Bangladesh is going to sign its first ever preferential trade agreement with Bhutan on Sunday marking the 50th anniversary of diplomatic relationship between the two Asian countries.
‘We have set December 6 for signing the PTA with Bhutan as the country (Bhutan) first recognised the independence of Bangladesh on the day of 1971 although the liberation war was still going on,’ commerce minister Tipu Munshi said at a press conference held at state guest house Shugandha in the capital, Dhaka, on Saturday.
On behalf of Bangladesh, Tipu Munshi will sign the PTA while economic affairs minister of Bhutan Lyonpo Loknath Sharma has already signed the agreement and handed over the deal document to the Bangladesh envoy to Bhutan.
According to commerce ministry officials, 34 Bhutanese products would get duty-free market access to Bangladesh while 100 Bangladeshi products including readymade garment would get the same facility in Bhutan.
The commerce ministry organises a signing ceremony at the state guest house on Sunday and Bangladesh’s prime minister Sheikh Hasina and Bhutanese prime minister Lotay Tshering are scheduled to attend the programme virtually, Tipu Munshi said.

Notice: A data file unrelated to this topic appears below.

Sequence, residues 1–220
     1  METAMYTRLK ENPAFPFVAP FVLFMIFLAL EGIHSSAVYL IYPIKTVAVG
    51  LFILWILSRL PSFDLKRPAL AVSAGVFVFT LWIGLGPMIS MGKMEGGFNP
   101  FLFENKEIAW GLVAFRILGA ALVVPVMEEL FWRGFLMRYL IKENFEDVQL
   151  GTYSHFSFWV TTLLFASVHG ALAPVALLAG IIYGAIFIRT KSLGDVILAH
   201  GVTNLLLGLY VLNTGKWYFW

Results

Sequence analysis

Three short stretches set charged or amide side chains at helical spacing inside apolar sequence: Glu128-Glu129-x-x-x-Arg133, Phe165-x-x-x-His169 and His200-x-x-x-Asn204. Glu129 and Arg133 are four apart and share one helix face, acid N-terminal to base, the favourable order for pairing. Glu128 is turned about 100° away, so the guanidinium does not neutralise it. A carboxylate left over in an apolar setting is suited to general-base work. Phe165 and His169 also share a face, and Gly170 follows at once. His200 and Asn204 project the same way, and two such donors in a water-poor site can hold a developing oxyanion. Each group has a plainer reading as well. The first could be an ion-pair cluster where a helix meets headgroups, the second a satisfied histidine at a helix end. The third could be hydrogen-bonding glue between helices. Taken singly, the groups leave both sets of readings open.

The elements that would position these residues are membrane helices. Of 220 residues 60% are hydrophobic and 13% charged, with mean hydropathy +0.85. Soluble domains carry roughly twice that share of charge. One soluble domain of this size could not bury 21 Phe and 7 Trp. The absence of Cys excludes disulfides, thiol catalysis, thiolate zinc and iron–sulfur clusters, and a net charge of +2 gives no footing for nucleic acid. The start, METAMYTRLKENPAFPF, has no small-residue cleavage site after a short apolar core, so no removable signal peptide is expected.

Sheikh Hasina is also scheduled to cut a cake on the occasion marking the 50th anniversary of diplomatic relationship between the two countries, he said.
The commerce minister said that Bangladesh would have to go for any PTA or FTA with a proper analysis as the bilateral agreement might put negative impact on the country’s revenue collection.
Bilateral trade between Bangladesh and Bhutan increased nearly five times in last one decade to $57.46 million in the financial year 2018-19 from $12.77 million in the FY 2008-09.
Tipu Munshi hoped that Bangladesh would be benefited from the agreement as the bilateral trade was largely in favour of Bhutan.
He said that export of Bangladesh’s RMG and other products would increase to Bhutan due to the agreement.
Tipu Munshi also said that Bangladesh was working with 11 more countries to sign PTA or FTA as the country would lose its preferential market access in the globe once it graduates from least developed country to a developing one in 2024.
Commerce secretary Zafar Uddin said in the short-term Bangladesh would lose some revenues due to the PTA with Bhutun but in mid- and long-term the country’s revenue would increase because of the deal.
‘If we consider all the variables, the PTA would increase our export. Increased exports would generate employment and employment would increase consumption. The import duty that the country would lose would be gained through consumption tax,’ Zafar said.
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